GLENDALE, Ariz. -- The summer heat is just around the corner and that means pet owners will have to take extra precautions when it comes to their four legged friends. In 2011 in Glendale, three dogs died from heat stroke while hiking. That's why the Glendale Fire Department and their K9s are sharing safety tips, because even dogs can suffer from heat stroke.
"The biggest thing is, you have to pay attention to your dog," says David Colson with the Glendale Fire Department. "When they start panting heavily and trying to walk fast and head for the shade, they're hot. That's their way of telling you: I need to get out of the heat."
Colson is the handler for crisis-response dog Brewer. Colson always carries plenty of water, along with a bowl, so his four year old Labrador Retriever never gets dehydrated. Water and shade are key factors when it comes to pets and the Arizona heat.
Dehydration can be a deadly problem for all companion animals during the hot weather, According to the ASPCA, animals with flat faces, like Pugs and Persian cats, can't pant as effectively, and are therefore more susceptible to heat stroke. You should also keep an eye on elderly or overweight pets or animals with heart and lung disease.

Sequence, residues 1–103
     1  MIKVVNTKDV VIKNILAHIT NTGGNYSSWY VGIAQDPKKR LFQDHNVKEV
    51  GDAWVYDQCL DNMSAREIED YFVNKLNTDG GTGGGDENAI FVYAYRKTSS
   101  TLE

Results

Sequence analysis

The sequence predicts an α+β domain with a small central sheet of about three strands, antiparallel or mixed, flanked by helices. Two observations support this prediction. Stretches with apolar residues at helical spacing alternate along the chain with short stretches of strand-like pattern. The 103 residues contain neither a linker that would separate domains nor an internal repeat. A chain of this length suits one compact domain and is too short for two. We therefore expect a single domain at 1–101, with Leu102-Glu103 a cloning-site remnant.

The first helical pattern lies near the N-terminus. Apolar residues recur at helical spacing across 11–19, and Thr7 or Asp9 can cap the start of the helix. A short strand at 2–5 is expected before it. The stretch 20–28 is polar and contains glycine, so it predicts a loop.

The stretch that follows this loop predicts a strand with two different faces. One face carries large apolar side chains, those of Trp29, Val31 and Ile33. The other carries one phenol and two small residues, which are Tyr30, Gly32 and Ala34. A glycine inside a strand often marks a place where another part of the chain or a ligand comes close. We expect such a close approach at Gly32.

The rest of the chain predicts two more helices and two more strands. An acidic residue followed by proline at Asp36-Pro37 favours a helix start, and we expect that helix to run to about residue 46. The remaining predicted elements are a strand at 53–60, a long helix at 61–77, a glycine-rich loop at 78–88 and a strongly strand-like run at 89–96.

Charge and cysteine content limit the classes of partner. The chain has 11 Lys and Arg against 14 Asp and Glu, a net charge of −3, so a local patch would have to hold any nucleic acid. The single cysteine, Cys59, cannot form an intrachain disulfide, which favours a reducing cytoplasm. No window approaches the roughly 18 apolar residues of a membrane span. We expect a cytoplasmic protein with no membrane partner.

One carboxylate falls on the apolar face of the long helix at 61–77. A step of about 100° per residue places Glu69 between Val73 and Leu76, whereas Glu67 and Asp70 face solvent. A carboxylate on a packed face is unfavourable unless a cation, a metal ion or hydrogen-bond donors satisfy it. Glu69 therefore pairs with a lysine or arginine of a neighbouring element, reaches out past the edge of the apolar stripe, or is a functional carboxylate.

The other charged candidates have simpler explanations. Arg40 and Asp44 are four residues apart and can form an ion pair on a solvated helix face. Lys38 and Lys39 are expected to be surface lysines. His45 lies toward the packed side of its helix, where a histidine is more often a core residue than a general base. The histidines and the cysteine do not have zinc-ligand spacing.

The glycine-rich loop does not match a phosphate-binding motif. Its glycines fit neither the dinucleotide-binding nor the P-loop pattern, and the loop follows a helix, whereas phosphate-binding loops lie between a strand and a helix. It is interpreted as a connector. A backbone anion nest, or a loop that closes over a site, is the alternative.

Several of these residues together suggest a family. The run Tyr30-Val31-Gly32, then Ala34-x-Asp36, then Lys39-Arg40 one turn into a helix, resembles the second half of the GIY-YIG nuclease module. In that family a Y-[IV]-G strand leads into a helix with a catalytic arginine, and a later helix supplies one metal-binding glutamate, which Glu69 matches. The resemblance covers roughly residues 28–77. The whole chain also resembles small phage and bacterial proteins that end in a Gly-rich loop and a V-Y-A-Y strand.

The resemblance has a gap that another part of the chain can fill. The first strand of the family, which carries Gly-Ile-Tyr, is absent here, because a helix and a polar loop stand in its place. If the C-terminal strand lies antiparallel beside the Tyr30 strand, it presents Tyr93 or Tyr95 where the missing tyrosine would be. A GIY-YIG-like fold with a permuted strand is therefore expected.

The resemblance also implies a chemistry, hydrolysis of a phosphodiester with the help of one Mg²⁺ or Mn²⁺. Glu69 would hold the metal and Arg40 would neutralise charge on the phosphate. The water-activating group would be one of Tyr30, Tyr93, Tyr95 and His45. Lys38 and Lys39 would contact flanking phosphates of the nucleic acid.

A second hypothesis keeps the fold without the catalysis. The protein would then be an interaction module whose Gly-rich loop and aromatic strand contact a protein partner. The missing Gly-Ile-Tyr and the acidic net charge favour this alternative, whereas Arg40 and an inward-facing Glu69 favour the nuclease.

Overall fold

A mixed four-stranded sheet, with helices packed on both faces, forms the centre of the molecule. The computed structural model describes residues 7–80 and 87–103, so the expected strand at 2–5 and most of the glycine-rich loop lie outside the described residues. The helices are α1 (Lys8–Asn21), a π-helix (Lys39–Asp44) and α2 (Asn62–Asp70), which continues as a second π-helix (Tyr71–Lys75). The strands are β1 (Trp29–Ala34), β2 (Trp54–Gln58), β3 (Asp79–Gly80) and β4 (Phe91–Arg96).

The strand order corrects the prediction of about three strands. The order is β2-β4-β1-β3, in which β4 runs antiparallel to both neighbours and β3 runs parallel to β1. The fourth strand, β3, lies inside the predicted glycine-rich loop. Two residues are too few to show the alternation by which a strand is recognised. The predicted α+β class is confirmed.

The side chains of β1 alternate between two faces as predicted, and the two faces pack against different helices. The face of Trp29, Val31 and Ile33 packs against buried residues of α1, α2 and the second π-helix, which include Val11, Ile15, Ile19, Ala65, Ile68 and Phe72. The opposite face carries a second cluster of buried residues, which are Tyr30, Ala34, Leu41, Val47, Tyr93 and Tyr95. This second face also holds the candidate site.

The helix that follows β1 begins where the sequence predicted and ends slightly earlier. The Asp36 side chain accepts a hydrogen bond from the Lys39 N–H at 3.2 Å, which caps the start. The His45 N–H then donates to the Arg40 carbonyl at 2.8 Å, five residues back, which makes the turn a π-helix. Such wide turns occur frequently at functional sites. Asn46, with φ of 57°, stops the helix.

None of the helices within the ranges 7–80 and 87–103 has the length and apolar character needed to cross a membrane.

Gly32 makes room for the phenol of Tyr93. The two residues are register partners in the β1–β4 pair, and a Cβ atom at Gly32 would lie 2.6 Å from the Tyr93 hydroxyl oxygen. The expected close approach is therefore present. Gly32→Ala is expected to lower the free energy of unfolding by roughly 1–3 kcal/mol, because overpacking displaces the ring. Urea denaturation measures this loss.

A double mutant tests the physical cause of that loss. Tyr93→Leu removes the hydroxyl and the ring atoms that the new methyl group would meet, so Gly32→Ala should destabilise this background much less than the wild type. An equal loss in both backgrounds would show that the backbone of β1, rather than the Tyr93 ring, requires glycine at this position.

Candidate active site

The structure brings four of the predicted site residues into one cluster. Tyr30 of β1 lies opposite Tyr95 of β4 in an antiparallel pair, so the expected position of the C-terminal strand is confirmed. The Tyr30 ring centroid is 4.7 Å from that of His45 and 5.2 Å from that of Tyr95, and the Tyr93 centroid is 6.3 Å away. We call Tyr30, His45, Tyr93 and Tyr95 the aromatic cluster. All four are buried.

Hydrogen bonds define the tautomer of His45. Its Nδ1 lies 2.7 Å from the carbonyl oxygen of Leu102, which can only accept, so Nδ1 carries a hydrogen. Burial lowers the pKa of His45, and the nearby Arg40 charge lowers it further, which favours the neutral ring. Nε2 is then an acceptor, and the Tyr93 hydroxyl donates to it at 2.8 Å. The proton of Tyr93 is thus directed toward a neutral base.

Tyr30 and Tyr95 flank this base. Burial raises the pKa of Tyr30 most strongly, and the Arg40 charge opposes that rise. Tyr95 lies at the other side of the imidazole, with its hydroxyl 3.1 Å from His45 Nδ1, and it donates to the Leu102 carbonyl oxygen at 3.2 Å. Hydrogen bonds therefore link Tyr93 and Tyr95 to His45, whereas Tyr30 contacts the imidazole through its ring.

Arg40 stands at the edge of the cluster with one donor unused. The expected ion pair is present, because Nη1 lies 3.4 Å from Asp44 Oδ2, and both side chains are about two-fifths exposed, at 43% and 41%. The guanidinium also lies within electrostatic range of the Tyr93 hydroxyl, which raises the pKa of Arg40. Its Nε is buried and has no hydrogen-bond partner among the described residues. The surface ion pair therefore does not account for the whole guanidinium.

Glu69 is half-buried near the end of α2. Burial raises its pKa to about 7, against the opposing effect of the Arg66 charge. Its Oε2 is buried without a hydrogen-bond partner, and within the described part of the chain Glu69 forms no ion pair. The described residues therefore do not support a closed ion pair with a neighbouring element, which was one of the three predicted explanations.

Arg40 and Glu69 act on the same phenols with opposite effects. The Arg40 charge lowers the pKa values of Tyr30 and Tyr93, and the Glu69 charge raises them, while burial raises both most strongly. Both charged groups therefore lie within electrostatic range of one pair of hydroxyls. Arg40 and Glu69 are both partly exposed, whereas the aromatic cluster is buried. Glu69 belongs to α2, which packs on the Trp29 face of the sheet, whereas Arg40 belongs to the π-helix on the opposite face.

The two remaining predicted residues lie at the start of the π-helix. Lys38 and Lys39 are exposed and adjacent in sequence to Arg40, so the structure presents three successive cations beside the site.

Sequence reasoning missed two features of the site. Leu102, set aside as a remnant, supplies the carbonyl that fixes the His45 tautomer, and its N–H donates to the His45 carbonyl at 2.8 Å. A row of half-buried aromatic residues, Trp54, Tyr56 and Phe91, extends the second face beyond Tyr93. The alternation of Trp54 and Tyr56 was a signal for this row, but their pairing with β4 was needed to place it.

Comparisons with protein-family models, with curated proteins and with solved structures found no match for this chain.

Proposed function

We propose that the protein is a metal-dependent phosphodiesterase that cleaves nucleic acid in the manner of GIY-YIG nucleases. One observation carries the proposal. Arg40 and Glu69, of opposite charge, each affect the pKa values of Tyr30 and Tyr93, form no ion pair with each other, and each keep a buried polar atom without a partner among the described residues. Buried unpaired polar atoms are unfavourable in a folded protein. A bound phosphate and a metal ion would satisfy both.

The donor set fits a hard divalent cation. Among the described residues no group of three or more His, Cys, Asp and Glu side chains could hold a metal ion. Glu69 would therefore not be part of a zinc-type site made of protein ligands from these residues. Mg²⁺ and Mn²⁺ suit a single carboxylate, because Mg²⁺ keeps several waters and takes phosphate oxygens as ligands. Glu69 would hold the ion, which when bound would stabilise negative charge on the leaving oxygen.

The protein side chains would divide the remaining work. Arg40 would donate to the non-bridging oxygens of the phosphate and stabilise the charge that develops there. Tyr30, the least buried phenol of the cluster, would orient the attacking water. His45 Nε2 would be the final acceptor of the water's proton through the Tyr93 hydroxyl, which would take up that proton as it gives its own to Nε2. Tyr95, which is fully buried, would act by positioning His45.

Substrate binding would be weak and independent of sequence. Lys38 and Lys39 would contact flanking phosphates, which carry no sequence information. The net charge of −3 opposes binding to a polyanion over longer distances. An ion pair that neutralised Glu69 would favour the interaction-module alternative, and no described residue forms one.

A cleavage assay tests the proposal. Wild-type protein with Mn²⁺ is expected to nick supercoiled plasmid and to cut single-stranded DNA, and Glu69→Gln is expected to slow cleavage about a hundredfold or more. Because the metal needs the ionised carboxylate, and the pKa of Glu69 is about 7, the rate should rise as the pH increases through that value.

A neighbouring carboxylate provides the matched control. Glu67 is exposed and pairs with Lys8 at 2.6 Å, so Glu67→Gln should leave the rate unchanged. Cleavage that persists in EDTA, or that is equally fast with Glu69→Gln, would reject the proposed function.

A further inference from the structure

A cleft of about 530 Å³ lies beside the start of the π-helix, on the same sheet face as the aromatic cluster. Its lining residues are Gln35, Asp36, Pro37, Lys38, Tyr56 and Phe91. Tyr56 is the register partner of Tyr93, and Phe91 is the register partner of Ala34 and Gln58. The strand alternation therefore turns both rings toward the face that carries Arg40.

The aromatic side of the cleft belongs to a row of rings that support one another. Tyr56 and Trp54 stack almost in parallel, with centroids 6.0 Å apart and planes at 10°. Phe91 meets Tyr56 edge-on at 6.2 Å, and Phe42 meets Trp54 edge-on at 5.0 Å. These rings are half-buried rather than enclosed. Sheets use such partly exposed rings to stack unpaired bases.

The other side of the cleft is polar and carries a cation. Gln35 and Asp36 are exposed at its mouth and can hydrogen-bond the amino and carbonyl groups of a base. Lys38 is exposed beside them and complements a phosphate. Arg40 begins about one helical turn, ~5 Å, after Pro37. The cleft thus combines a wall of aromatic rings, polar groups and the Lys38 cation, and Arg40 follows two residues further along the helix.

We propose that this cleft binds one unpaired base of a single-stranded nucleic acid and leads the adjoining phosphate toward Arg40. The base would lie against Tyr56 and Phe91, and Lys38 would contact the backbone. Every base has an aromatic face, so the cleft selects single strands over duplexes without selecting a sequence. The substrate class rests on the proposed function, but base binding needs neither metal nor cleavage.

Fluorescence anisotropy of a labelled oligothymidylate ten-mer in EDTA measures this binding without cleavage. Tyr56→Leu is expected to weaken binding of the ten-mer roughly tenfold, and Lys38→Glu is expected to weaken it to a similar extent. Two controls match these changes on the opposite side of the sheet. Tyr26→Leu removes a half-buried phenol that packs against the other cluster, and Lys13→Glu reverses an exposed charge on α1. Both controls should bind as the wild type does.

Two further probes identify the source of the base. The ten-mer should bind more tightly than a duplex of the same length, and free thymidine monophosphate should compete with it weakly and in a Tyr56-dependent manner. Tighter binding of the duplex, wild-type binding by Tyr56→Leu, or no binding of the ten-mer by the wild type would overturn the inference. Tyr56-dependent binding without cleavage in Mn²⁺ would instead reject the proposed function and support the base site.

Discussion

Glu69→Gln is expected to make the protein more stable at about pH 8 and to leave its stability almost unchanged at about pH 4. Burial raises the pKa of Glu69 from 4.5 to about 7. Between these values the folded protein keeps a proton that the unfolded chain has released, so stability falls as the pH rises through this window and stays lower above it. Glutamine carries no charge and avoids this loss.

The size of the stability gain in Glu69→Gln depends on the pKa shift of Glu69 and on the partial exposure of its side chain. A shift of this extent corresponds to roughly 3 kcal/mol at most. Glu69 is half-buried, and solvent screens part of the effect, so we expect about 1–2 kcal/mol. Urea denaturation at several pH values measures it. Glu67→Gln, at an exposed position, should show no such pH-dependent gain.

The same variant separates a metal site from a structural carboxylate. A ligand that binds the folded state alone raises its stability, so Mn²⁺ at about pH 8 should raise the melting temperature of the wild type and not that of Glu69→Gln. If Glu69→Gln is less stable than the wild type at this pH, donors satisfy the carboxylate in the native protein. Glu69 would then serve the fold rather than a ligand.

When outdoor temperatures soar, the temperature of the ground also starts sizzling, creating another hazard for pets when they're out for a walk.
"The asphalt gets so hot, animals get 3rd degree burns on their paws" explains Lynette Jenilek of the Glendale Fire Department. "If you can't hold your hands down for 10 seconds, your dogs can't." Jenilek recommends booties for dogs during the summer months.
Sunscreen is another item pet owners may not think about. Dogs can easily get sunburned, especially in the nose area and if they have lighter coats. Jenilek recommends using a spray sunscreen.
But make sure it's the right kind. Talk to your vet about which types of sunscreen are safest on your pet’s skin, and follow up by routinely applying sunscreen as part of your summer routine. Do not use sunscreen or insect repellents that are not designed specifically for use on animals. The ASPCA says ingesting certain sunscreens can cause drooling, vomiting, diarrhea, excessive thirst and lethargy in pets.
To learn more about keeping your pooch safe from the heat, check out the list of the Glendale Fire Department's Tips for Summer Pet care online.